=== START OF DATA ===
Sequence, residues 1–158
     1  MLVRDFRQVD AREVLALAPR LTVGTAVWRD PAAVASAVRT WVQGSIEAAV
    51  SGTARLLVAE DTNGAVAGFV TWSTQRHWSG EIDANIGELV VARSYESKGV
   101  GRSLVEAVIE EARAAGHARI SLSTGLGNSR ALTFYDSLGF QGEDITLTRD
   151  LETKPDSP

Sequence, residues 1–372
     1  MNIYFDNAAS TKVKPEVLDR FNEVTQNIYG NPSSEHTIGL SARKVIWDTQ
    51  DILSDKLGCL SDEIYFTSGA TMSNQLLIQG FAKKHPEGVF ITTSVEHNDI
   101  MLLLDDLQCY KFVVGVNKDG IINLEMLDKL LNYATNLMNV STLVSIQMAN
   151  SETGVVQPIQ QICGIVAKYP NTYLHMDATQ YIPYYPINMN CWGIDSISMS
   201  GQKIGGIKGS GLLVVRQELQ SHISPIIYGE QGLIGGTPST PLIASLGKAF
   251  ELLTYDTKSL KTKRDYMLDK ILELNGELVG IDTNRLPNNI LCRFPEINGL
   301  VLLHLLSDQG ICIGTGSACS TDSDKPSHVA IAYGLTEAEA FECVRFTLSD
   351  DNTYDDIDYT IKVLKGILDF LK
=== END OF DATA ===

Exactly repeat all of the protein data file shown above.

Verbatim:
Sequence, residues 1–158
     1  MLVRDFRQVD AREVLALAPR LTVGTAVWRD PAAVASAVRT WVQGSIEAAV
    51  SGTARLLVAE DTNGAVAGFV TWSTQRHWSG EIDANIGELV VARSYESKGV
   101  GRSLVEAVIE EARAAGHARI SLSTGLGNSR ALTFYDSLGF QGEDITLTRD
   151  LETKPDSP

Sequence, residues 1–372
     1  MNIYFDNAAS TKVKPEVLDR FNEVTQNIYG NPSSEHTIGL SARKVIWDTQ
    51  DILSDKLGCL SDEIYFTSGA TMSNQLLIQG FAKKHPEGVF ITTSVEHNDI
   101  MLLLDDLQCY KFVVGVNKDG IINLEMLDKL LNYATNLMNV STLVSIQMAN
   151  SETGVVQPIQ QICGIVAKYP NTYLHMDATQ YIPYYPINMN CWGIDSISMS
   201  GQKIGGIKGS GLLVVRQELQ SHISPIIYGE QGLIGGTPST PLIASLGKAF
   251  ELLTYDTKSL KTKRDYMLDK ILELNGELVG IDTNRLPNNI LCRFPEINGL
   301  VLLHLLSDQG ICIGTGSACS TDSDKPSHVA IAYGLTEAEA FECVRFTLSD
   351  DNTYDDIDYT IKVLKGILDF LK